But that didn't last long. 

Soon enough, reporters attempting to speak freely with Ohtani were stopped by Dodgers PR. Once again, it became an obstacle to ask Ohtani anything, and it remains unclear who exactly is limiting that access. Last week, when Ohtani was asked a question about Mizuhara, a Dodgers official stepped in and said he's only answering baseball questions. No one seems to have any idea if Ohtani is making these directives, and if this lack of access is because Ohtani himself doesn't want to talk. It's clear that in the early goings, the Dodgers are still figuring out how to handle a player of Ohtani's caliber. Roberts has noted that he prefers Ohtani to answer his own questions and be upfront with the media. So, the Dodgers still have time to create a better process, and avoid fumbling the bag completely with the high volume of interview requests for Ohtani. 

We can debate for hours who exactly is in charge of how much Ohtani engages with the media and when. It could be that it's his agent, Nez Balelo, wanting to limit Ohtani's media exposure. Or perhaps it's Ohtani himself who has an aversion to the press conference room, leading to cramped interview sessions in the clubhouse that make it hard to hear his responses. Or it might be the Dodgers trying to get him to focus solely on baseball. In the end, it's up to Ohtani to decide how private or in control he wants to be.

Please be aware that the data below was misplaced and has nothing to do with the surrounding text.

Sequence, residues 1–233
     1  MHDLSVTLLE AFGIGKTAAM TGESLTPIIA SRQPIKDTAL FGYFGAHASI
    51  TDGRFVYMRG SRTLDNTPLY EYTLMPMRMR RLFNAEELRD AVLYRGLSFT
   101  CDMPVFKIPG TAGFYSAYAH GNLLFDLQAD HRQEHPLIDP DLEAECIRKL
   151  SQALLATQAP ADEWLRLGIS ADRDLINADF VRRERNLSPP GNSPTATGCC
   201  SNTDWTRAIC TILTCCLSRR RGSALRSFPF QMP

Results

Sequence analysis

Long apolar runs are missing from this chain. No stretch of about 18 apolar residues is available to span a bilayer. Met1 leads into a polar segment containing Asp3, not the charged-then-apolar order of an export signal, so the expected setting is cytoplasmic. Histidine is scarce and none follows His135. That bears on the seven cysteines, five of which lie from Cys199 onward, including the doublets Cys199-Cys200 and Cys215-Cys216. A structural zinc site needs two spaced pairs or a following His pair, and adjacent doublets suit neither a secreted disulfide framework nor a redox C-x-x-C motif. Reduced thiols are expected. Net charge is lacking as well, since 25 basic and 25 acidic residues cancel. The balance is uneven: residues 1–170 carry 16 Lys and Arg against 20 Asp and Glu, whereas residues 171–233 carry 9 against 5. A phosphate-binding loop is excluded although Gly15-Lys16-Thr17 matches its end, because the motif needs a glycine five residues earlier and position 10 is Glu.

Will this whole ordeal cause Ohtani to be more closed off, or will it allow him to see the value in letting more people in? There's more opportunity for Ohtani to help the Dodgers if he chooses the latter.

"Actually, I would argue that it's going to help relations internally," Roberts said of Mizuhara's dismissal. "I think Shohei has been even more engaging with his teammates, and I think there's only an upside with that."

Shohei Ohtani's former interpreter allegedly stole more than $16M

It's unclear how much of his seclusion from people in baseball Ohtani attributes to Mizuhara. Roberts seemed relieved that he no longer had to go through Mizuhara, who the skipper referred to as a "buffer" obstructing direct communication with Ohtani. Roberts' use of the word buffer indicates Mizuhara shielded Ohtani from Roberts and the Dodgers rather than simply acting as the instrument that would allow discussions to flow organically. Essentially, Mizuhara was in the way.

It's all too easy to envision how Mizuhara's omnipresence beside Ohtani could've created greater isolation over the next decade between the club and its biggest star.